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Photonic crystal nanobeam/micro-ring hybrid-cavities for optical trapping

Shoubao Han, Yaocheng Shi

We propose a new type of hybrid-cavity structure for trapping nanoscale particles. The hybrid cavity is based on a ring waveguide with the incorporation of a photonic crystal nanobeam cavity (PCNC). We design the cavity and investigate the influence of geometric parameters on its performance and optical trapping ability. The numerical results show that high quality factor, low mode volume and strong optical trapping ability can be achieved. The radii of holes are quadratically tapered from the center to two sides with a smaller period in the mirrors of the PCNC and the optical trapping force is proportional to (1−T)Q/V of the cavity. Furthermore, a hybrid cavity with optimal trapping ability is realized with quality factor up to 1.98106, mode volume as low as 1.90()3 and its optical trapping force can be as high as −855 pN/mW, which is 15 times enhanced compared to that of a microring resonator with the same radius.

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Tuesday, November 12, 2019

Structural characterization of the saxitoxin-targeting APTSTX1 aptamer using optical tweezers and molecular dynamics simulations

Nathalie Casanova-Morales, Nataniel L. Figueroa, Karol Alfaro, Felipe Montenegro, Nelson P. Barrera, J. R. Maze, Christian A. M. Wilson, Pablo Conejeros

Optical tweezers have enabled the exploration of picoNewton forces and dynamics in single–molecule systems such as DNA and molecular motors. In this work, we used optical tweezers to study the folding/unfolding dynamics of the APTSTX1–aptamer, a single-stranded DNA molecule with high affinity for saxitoxin (STX), a lethal neurotoxin. By measuring the transition force during (un)folding processes, we were able to characterize and distinguish the conformational changes of this aptamer in the presence of magnesium ions and toxin. This work was supported by molecular dynamics (MD) simulations to propose an unfolding mechanism of the aptamer–Mg+2 complex. Our results are a step towards the development of new aptamer-based STX sensors that are potentially cheaper and more sensitive than current alternatives.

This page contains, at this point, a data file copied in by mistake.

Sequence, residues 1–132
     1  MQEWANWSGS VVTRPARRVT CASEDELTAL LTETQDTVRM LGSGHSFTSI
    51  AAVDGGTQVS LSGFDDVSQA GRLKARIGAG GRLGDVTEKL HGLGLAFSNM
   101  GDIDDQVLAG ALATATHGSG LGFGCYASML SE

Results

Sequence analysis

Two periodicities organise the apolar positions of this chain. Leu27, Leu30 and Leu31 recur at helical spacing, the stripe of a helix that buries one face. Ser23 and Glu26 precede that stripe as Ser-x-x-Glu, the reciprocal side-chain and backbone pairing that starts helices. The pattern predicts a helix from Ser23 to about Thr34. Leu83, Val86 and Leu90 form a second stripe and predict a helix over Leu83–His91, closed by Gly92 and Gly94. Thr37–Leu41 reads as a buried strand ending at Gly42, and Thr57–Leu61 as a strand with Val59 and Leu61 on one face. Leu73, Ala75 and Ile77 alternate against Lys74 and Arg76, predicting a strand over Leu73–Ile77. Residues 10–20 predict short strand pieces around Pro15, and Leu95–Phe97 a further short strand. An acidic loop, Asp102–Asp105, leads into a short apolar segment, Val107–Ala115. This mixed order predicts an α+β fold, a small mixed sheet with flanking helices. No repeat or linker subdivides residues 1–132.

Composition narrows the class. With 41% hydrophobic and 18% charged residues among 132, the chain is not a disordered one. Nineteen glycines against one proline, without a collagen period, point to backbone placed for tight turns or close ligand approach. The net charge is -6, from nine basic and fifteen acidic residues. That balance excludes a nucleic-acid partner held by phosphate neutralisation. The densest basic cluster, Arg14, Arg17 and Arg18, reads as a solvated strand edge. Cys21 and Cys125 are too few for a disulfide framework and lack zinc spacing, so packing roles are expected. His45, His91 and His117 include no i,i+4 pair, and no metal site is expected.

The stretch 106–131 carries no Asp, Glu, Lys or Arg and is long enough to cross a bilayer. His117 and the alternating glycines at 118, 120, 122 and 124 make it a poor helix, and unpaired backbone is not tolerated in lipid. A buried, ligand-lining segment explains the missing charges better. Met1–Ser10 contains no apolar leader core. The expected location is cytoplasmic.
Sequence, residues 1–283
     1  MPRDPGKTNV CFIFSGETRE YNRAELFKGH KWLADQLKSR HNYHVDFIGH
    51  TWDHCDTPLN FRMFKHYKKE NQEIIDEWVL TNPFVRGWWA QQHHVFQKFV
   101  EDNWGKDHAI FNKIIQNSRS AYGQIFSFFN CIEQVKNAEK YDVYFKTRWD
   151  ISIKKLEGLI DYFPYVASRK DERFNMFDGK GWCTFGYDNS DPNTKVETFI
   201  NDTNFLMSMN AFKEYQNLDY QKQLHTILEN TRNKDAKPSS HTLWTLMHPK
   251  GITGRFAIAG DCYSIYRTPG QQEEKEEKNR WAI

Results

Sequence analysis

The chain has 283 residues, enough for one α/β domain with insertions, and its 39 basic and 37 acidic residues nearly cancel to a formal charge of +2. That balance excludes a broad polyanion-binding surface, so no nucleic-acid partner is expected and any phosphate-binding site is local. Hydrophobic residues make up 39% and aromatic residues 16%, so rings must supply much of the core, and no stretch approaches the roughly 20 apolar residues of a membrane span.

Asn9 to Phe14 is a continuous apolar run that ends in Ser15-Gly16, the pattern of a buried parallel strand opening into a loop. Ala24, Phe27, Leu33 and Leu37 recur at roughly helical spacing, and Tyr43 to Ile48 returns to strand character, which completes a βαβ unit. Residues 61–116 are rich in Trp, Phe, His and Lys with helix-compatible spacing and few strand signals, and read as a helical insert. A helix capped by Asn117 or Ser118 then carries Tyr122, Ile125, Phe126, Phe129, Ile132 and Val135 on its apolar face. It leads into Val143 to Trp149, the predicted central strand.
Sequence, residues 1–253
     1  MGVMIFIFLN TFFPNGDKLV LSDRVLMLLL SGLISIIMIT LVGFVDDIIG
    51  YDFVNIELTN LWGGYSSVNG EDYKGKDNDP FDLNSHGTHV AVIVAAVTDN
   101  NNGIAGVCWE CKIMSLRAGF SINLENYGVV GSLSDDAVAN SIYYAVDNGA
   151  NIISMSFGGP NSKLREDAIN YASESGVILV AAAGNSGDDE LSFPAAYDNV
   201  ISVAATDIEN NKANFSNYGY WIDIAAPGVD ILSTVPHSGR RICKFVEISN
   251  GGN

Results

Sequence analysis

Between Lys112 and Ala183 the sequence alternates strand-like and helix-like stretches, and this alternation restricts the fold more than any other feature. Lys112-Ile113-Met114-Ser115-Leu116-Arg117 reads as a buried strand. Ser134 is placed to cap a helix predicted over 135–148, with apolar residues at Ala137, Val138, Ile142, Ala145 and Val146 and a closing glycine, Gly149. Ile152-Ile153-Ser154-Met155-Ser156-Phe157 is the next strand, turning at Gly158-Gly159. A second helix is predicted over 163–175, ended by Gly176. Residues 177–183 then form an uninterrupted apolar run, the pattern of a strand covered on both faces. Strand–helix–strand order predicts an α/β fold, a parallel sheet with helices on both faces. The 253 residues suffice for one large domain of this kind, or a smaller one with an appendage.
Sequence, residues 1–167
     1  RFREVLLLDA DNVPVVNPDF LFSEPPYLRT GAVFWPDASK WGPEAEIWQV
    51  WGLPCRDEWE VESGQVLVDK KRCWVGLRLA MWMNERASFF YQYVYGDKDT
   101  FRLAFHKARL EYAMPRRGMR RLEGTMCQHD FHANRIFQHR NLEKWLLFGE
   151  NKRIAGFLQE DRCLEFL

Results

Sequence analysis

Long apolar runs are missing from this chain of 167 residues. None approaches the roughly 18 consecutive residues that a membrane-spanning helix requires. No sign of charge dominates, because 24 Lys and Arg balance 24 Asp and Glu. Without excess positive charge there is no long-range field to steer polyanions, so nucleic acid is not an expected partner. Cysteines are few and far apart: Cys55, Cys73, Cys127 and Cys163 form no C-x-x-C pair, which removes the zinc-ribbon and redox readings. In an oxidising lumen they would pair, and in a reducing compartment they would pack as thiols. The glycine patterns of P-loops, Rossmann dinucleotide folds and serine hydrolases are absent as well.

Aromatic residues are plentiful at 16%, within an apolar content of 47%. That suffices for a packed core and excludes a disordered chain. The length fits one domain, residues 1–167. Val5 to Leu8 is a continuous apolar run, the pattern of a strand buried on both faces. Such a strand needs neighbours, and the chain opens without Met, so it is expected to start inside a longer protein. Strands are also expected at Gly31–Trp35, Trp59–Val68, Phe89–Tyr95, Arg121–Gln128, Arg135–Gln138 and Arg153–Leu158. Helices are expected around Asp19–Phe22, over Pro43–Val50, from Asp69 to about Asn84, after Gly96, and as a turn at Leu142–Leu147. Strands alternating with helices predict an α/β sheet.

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On-the-fly particle metrology in hollow-core photonic crystal fibre

Abhinav Sharma, Shangran Xie, Richard Zeltner, and Philip St.J. Russell

Efficient monitoring of airborne particulate matter (PM), especially particles with aerodynamic diameter less than 2.5 µm (PM2.5), is crucial for improving public health. Reliable information on the concentration, size distribution and chemical characteristics of PMs is key to evaluating air pollution and identifying its sources. Standard methods for PM2.5 characterization require sample collection from the atmosphere and post-analysis using sophisticated equipment in a laboratory environment, and are normally very time-consuming. Although optical methods based on analysis of scattering of free-space laser beams or evanescent fields are in principle suitable for real-time particle counting and sizing, lack of knowledge of the refractive index in these methods not only leads to inevitable sizing ambiguity but also prevents identification of the particle material. In the case of evanescent wave detection, the system lifetime is strongly limited by adhesion of particles to the surfaces. Here we report a novel technique for airborne particle metrology based on hollow-core photonic crystal fibre. It offers in situ particle counting, sizing and refractive index measurement with effectively unlimited device lifetime, and relies on optical forces that automatically capture airborne particles in front of the hollow core and propel them into the fibre. The resulting transmission drop, together with the time-of-flight of the particles passing through the fibre, provide unambiguous mapping of particle size and refractive index with high accuracy. The technique offers unique advantages over currently available real-time particle metrology systems, and can be directly applied to monitoring air pollution in the open atmosphere as well as precise particle characterization in a local environment such as a closed room or a reaction vessel.

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Orientation of swimming cells with annular beam optical tweezers